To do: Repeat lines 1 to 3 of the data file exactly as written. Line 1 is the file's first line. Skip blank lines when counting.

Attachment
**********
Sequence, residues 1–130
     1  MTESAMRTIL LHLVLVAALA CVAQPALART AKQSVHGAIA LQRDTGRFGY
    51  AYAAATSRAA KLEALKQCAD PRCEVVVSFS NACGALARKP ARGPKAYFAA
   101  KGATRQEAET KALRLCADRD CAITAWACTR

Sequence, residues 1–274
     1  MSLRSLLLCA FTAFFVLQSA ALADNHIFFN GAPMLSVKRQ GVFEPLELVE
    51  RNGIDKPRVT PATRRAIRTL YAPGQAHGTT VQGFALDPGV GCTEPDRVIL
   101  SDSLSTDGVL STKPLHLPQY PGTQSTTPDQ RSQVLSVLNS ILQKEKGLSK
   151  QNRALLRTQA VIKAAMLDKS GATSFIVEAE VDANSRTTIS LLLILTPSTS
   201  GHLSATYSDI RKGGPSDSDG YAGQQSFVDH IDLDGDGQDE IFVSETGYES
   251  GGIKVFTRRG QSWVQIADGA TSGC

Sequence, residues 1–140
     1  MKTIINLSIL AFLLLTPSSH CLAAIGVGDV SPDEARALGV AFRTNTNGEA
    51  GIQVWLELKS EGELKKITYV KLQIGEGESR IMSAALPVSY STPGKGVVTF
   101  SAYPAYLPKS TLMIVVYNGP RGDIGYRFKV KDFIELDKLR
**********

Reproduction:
Sequence, residues 1–130
     1  MTESAMRTIL LHLVLVAALA CVAQPALART AKQSVHGAIA LQRDTGRFGY
    51  AYAAATSRAA KLEALKQCAD PRCEVVVSFS NACGALARKP ARGPKAYFAA